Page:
Reimagining Treatment Options

When most people think of “treatment,” they often envision detoxification or a stay at a residential rehabilitation facility. However, it’s important to clarify that detox, also known as detoxification, solely tackles the physical symptoms of withdrawal and is not a comprehensive treatment. Furthermore, residential programs represent just one facet of the diverse array of addiction treatment options.

Treatment for substance use disorder unfolds in various settings, including inpatient and outpatient environments, and encompasses a spectrum of intensity levels. Typically, a treatment plan is carefully tailored to address not only the individual’s substance use but also their physical, psychological, emotional, and social challenges. In some cases, it may involve medications, such as those used to manage opioid use disorders.

Before making any decisions, it is essential to gain a clear understanding of what treatment entails, what it does not, and the wide-ranging options available to individuals seeking help.

Varieties of Addiction Treatment Programs

  1. Outpatient

    • Intensity: Low to Medium
    • Description: Clients participate in treatment for up to nine hours weekly (somewhat less for adolescents) at a specialized facility while residing at home. Many programs offer evening and weekend services to accommodate work or school commitments.
  2. Intensive Outpatient Program (IOP)

    • Intensity: Medium to High
    • Description: Clients engage in 10-20 hours of treatment per week (slightly less for teenagers) at a specialized facility while continuing to live at home. Evening and weekend services are often available, making it suitable for individuals with coexisting medical or psychological issues or those who have not succeeded in outpatient treatment.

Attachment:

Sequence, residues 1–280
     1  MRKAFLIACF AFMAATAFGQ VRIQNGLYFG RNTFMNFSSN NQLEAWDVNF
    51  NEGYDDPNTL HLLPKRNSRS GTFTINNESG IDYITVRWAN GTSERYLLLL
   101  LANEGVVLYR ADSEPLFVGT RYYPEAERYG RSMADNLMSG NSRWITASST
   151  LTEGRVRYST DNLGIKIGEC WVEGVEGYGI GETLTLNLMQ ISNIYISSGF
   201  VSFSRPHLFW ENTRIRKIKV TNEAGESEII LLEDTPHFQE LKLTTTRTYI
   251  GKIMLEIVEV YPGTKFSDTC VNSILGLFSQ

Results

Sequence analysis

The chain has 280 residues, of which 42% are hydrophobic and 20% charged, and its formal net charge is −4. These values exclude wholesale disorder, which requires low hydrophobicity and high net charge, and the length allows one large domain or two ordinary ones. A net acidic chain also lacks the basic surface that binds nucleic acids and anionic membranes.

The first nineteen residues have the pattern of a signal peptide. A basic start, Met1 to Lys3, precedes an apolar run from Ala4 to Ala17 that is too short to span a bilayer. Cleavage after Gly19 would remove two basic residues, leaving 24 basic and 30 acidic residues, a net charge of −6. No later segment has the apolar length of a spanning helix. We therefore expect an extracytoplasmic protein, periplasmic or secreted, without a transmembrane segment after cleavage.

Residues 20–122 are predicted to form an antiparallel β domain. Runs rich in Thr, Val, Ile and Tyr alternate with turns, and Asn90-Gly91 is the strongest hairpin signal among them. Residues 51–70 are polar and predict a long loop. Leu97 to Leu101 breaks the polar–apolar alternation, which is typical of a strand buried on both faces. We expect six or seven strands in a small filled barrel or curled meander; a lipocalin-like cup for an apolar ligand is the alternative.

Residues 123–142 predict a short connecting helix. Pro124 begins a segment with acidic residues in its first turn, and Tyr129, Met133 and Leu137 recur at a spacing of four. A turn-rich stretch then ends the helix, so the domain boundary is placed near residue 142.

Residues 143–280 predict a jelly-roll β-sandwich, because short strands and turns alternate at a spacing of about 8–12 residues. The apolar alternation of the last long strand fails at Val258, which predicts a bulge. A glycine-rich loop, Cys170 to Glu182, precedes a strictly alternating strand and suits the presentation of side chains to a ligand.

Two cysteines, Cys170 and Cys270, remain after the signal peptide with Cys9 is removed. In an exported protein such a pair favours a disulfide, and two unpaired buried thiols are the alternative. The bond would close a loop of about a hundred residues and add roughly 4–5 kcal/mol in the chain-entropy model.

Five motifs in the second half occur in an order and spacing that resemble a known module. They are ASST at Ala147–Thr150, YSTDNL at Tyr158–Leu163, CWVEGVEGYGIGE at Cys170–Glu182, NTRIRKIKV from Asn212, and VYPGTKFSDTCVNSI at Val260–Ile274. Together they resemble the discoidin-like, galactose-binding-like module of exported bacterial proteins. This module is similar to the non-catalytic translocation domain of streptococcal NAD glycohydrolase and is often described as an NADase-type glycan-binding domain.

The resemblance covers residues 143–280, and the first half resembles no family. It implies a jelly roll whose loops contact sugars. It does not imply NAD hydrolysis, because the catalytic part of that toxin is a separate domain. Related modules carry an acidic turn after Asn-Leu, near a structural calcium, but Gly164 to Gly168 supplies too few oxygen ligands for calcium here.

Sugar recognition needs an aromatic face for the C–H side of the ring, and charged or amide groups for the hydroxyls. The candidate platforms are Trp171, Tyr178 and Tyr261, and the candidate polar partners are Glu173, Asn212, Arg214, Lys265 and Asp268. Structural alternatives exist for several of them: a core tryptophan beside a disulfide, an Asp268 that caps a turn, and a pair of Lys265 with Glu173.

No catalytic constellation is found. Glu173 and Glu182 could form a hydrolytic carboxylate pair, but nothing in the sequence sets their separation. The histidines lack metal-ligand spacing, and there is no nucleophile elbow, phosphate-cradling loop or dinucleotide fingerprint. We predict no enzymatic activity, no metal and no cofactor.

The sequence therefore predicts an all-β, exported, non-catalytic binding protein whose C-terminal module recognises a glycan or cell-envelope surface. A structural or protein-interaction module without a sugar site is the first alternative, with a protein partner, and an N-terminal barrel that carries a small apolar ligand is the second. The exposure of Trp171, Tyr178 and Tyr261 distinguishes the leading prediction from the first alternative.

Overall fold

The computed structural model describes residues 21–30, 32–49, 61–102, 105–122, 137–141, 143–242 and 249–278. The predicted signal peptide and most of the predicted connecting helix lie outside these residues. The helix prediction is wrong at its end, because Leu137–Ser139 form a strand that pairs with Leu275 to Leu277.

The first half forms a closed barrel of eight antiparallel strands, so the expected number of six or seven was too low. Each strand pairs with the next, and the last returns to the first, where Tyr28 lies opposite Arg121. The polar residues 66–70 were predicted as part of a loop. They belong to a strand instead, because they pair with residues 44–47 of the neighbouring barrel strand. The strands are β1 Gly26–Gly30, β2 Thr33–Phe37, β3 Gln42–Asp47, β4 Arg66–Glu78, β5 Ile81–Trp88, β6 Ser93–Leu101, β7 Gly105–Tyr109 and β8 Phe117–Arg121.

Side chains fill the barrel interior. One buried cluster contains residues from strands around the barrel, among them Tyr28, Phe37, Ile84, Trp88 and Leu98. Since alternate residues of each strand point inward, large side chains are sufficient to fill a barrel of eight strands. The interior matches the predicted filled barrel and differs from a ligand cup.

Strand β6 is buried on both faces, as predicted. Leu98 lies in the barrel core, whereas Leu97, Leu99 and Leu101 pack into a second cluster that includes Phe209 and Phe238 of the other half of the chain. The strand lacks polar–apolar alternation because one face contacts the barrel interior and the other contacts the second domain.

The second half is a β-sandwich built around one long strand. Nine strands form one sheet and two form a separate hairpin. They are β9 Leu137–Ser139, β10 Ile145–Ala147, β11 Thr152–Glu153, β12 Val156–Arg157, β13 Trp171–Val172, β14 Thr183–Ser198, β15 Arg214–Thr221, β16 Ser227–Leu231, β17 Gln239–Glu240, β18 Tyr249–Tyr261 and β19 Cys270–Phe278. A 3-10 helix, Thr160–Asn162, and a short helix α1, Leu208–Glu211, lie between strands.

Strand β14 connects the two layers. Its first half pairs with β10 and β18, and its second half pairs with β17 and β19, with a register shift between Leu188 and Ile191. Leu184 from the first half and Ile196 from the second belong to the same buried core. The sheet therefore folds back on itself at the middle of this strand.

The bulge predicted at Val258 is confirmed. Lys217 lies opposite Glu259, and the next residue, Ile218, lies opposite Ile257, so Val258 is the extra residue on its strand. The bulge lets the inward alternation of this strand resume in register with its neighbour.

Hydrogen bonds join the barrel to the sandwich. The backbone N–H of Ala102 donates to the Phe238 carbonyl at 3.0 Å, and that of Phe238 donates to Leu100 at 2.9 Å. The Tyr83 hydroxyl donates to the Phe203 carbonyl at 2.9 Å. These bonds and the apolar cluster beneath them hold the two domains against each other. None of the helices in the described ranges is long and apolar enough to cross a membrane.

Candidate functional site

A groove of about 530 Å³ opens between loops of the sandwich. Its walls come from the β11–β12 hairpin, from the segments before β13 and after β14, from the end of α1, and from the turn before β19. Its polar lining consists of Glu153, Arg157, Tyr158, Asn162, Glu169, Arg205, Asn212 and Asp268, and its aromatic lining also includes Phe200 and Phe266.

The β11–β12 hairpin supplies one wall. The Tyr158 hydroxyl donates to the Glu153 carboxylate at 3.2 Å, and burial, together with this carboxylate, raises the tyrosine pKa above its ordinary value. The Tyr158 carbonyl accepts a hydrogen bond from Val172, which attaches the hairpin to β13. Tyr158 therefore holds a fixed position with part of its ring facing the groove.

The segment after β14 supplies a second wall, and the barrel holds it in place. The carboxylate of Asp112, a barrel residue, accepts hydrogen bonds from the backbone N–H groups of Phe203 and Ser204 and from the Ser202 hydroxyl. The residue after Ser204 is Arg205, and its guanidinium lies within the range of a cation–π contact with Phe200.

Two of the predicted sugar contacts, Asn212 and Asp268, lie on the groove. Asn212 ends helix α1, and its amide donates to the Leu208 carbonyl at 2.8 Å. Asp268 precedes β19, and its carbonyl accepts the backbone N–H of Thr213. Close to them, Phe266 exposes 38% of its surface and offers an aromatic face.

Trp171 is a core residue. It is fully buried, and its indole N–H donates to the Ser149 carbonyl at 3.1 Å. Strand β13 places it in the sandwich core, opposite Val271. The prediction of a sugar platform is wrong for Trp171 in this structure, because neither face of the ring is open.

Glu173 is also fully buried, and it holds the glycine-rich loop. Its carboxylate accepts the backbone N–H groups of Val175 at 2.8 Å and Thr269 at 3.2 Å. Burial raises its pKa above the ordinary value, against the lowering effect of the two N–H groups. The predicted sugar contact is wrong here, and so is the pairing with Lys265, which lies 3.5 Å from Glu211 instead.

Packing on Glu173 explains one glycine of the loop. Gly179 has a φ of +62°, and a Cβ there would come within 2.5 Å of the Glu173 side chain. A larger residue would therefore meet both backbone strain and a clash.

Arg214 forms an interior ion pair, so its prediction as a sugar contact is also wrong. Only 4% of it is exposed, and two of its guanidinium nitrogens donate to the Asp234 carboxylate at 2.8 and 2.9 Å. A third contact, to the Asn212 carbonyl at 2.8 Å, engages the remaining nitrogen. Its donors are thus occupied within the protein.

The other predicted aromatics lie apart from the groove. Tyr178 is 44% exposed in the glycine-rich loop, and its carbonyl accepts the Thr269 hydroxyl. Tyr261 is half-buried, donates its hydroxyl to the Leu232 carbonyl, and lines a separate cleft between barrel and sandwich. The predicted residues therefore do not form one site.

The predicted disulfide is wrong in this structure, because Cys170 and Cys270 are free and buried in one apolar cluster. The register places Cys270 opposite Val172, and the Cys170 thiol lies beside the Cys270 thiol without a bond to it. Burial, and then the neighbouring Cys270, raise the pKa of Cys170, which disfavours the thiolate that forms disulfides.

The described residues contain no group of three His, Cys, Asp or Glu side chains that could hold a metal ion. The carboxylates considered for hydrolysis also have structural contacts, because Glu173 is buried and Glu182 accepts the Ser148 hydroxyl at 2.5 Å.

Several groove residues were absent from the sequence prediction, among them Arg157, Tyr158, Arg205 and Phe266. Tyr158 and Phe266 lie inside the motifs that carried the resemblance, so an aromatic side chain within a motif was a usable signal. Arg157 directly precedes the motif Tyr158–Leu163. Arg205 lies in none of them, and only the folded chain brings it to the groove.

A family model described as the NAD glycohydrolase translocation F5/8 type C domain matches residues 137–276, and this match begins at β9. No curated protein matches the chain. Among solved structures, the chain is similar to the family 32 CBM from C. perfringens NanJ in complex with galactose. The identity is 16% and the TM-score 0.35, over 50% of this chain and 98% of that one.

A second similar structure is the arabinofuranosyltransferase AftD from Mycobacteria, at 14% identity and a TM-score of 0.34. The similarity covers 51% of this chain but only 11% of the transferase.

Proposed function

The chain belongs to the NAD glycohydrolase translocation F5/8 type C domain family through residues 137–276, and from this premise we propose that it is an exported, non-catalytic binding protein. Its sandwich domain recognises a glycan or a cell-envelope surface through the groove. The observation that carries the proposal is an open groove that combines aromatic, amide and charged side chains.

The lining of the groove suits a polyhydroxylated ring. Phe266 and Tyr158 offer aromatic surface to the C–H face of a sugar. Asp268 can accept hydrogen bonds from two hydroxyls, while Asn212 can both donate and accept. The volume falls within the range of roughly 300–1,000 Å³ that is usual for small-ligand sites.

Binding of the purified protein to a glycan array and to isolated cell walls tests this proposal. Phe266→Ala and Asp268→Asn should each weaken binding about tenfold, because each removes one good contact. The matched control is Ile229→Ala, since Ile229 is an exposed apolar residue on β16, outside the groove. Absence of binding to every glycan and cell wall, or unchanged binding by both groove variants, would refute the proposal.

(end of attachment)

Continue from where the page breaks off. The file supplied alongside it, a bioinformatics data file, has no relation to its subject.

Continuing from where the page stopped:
3. Partial Hospitalization Program (PHP)

    • Intensity: Medium to High
    • Description: Clients attend four to eight hours of daily treatment (totaling 20 or more hours a week) while residing at home. This option is commonly chosen when a structured and intensive experience is required, often for individuals with co-occurring mental illnesses.
  4. Residential (Rehab)

    • Intensity: Medium to High
    • Description: Residential programs deliver treatment within a residential environment and can last from one month to a year. Residents progress through various phases during their program, which may include limited contact with family during certain phases. Families should inquire about program policies, procedures, and additional services like education or vocational training.
  5. Inpatient

    • Intensity: High
    • Description: Treatment is administered in specialized units within hospitals or medical clinics that offer both detoxification and rehabilitation services. This option is typically reserved for individuals with severe medical conditions or mental disorders.
  6. Medications for Addiction Treatment (MAT)

    • Description: For individuals with physical dependencies on specific substances, such as alcohol, nicotine, and opioids, medications may be incorporated into their treatment alongside counseling and other therapeutic services.

Varieties of Treatment Services

Individuals in treatment require a comprehensive array of services to effectively address the full spectrum of issues. If a specific service is not available within your child’s program, the program’s staff should assist your family in locating it elsewhere.